Store-bought potting soil is loaded with nutrients to aid a plant’s growth and development. But this type of soil is still not good enough for the picky aloe vera.
The Natural Habitat of the Aloe Vera
Native to Africa, the aloe vera is accustomed to living in dry, rocky, and open areas, exposed to high intensity sunlight and heat. Its fleshy leaves that retain water, horizontally growing roots to catch the scarce water, and sometimes prickly exterior are all adaptations that help the plant survive in these extreme conditions. Because the aloe vera is not evolutionarily equipped to survive in wetter, colder climates, you need to accommodate the plants’ needs when growing it in your own home. To do so, you will want to plant your aloe vera in soil that best mimics the dirt found out in the desert: sandy, rocky soil that has a low water content.
Here are a few mixtures you can create to give your soil the desert feel an aloe vera prefers:
1. Half Potting Soil, Half Sand: Perhaps the easiest and cheapest solution to your aloe vera soil dilemma is to simply mix your regular potting soil with the same amount of sand. You will want to use river sand, not beach sand.
2. Half Potting Soil, Half Granite Grit: Granite grit is simply crushed granite–that dark, granular igneous rock you might remember from high school earth science. Again, replacing a little bit of regular potting soil with granite grit will help meet your aloe vera plant’s special needs.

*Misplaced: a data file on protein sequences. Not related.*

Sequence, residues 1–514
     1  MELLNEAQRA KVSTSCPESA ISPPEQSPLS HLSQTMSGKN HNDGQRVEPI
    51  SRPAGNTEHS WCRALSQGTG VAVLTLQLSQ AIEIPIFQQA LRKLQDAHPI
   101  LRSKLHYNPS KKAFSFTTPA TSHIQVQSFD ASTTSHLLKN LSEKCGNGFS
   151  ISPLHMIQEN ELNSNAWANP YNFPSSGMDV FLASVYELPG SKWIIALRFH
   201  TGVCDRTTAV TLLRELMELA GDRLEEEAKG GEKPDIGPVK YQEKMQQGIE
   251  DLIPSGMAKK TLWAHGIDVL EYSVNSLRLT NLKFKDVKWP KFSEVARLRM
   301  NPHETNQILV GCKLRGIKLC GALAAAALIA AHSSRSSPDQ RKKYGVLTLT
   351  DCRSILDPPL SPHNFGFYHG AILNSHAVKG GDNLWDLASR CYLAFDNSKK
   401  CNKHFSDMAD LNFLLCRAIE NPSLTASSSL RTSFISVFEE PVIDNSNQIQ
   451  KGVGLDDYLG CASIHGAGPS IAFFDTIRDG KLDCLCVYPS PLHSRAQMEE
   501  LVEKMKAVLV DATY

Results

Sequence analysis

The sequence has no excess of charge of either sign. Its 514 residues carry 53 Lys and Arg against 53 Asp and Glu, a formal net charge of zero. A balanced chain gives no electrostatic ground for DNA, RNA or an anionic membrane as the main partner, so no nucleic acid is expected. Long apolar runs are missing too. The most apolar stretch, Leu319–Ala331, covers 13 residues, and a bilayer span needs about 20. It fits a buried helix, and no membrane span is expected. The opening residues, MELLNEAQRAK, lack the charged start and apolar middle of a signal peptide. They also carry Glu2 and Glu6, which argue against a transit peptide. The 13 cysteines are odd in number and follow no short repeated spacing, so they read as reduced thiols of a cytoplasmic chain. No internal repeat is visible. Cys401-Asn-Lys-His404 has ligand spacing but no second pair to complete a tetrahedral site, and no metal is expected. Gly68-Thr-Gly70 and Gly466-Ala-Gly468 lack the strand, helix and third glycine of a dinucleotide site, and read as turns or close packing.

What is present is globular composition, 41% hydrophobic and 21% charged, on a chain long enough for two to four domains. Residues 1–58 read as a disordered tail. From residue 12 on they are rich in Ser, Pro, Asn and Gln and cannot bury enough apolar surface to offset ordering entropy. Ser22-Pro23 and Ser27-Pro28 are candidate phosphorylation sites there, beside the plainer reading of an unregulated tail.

3. Equal Parts Potting Soil, Sand, and Perlite: Perlite is a volcanic rock that can expand up to twenty times its normal volume in heat. This triple ingredient recipe for aloe vera soil therefore creates soil with high moisture retention and aeration, making it ideal for plants accustomed to a desert lifestyle.
4. Potting Soil Made for Cactuses: If you visit your local gardening store, you can find many soil products lining the shelves made specifically for desert plants.
Restore the Nutrient Levels of Sandy Soils
A downside to planting an aloe vera in sandy soil is that its food supply decreases; the nutrients an aloe vera plant would normally get from regular potting soil is replaced by a low-nutrient sandy substitute. To compensate for this loss, you should regularly repot the aloe vera, revamping and restoring the soil contents. Another way to ensure your aloe vera plant gets the proper diet it needs from its soil is to fertilize it with a very dilute solution. Choices include slow-release fertilizer pellets and a balanced liquid fertilizer. Just try to avoid solving the issue of low nutrient levels by using compost, as it contains a lot of organic components and therefore increases the moisture level of the soil. The last thing you want to do it fix one problem and create another.